Teaching and Learning Metaphor

My teaching and learning are a lot of Winnie the Pooh. Well, Winnie and his group of friends. Some days I feel like Tigger, bouncing off the walls with energy, multi tasking, writing lectures, emailing, and making checklists of the other hundred things I have to accomplish. Or sometimes it’s a Piglet day. I have no idea what is going on, I have a meeting or a process I need to figure out and don’t know where to start (I actually do, everything starts with an IT ticket). Some days I’m Owl, wearing glasses and saying smart things, others I’m Eeyore, dragging through the days I forget to bring my coffee mug.

Even though I am the sometimes bumbling leader, I try to remain positive and upbeat. It’s really is interesting going through the educational experience with students while I am both a teacher and a student myself. Not only do I learn new and interesting things every day, but as I write my dissertation and study for my exams, I am really going through the same process. I am learning a new job, with many complex facets that somehow all need to work in harmony and make sure everything runs smoothly in all my classes. It turns out it is a lot easier said than done, and I am always asking colleagues for ideas, advice, and directions (I tend to get lost a lot).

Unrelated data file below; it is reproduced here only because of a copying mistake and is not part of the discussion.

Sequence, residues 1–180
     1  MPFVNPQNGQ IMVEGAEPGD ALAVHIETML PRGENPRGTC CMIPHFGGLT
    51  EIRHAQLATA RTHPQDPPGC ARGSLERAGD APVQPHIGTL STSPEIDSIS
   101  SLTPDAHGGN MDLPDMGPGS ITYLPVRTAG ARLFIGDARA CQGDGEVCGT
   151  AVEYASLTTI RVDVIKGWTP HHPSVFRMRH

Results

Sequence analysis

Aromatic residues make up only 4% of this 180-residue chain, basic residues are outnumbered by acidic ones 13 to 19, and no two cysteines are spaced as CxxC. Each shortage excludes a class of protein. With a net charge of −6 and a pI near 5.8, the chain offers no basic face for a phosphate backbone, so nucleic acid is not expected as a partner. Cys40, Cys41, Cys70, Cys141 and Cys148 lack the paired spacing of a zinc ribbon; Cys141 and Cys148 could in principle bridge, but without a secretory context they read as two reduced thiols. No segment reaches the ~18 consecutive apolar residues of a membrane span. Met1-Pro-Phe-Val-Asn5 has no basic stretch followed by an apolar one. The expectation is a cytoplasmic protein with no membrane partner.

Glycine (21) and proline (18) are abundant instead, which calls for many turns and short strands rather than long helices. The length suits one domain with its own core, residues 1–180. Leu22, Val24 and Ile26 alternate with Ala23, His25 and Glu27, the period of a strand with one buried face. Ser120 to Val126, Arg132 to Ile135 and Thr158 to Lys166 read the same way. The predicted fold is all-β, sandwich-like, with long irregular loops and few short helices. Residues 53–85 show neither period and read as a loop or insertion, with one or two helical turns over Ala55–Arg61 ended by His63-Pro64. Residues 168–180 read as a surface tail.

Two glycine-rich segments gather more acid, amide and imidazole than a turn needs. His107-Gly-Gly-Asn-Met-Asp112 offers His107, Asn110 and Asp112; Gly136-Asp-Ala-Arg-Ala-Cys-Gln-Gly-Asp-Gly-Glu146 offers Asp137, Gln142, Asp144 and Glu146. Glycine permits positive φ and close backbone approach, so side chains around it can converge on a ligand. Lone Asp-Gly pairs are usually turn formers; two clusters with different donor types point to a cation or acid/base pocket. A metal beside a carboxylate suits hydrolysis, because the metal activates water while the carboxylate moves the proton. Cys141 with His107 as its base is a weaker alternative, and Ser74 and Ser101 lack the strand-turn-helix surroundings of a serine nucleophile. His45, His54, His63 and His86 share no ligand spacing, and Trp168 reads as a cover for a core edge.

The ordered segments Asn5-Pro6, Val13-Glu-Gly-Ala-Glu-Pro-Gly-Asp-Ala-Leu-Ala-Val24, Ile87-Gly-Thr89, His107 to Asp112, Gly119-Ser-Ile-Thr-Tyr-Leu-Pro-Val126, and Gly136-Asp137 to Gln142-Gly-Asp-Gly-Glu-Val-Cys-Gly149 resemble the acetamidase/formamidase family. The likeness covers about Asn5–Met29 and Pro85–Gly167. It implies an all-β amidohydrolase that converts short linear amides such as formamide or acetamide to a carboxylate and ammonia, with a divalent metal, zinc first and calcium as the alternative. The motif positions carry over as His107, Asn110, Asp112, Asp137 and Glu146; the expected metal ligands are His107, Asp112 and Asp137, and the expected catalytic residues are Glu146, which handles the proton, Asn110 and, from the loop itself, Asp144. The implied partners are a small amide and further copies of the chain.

But no matter what happens, doom and gloom or positivity and energy, something fantastic happens. Christopher Robin (or in this analogy, my students) walk in, and everything is amazing in the Hundred Acre Woods (or Advanced Excel). As one of my colleagues said, and I appreciate every day, this truly is the best job in the world. Not because sometimes it’s easy and sometimes its hard, but it is very, very rewarding. To see students excel at Excel, accomplish things they never thought possible, or discover something new and wonderful is really what makes it all worth it.

I think that is a humbling thought. I don’t really know more than my students, or if I do, my job is to download what I know to them. What I am really there for is to avoid getting my waist stuck in Rabbit’s hole so we can have another amazing day of learning. Maybe provide some leadership and guidance, and the tools to accomplish things they never thought possible. I am always impressed by what the students bring to the table, and to paraphrase a textual semantic analysis example we used this week in class they really are “wicked smart”.

So as we all have our adventures, create new games like Pooh sticks or analytics dashboards, great things are going to happen.

blur childhood close up focus
Photo by Inna Lesyk on Pexels.com

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